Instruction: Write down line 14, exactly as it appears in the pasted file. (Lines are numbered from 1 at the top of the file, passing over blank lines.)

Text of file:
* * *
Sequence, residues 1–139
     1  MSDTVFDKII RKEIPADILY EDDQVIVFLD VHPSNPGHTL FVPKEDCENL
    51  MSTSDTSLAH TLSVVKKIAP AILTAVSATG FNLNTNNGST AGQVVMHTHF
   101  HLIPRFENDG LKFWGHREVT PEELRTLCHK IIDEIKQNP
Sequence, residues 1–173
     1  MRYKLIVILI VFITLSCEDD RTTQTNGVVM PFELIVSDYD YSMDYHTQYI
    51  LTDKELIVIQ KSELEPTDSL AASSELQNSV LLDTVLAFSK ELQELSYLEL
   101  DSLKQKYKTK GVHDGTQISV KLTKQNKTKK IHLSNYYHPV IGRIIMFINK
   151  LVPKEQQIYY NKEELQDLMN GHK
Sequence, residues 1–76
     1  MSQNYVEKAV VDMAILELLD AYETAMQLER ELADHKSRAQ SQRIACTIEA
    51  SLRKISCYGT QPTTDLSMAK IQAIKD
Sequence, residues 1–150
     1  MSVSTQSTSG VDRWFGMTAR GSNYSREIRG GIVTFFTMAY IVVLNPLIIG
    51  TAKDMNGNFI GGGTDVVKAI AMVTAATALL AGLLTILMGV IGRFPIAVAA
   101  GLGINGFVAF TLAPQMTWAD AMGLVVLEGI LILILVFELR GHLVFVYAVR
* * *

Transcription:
     1  MSVSTQSTSG VDRWFGMTAR GSNYSREIRG GIVTFFTMAY IVVLNPLIIG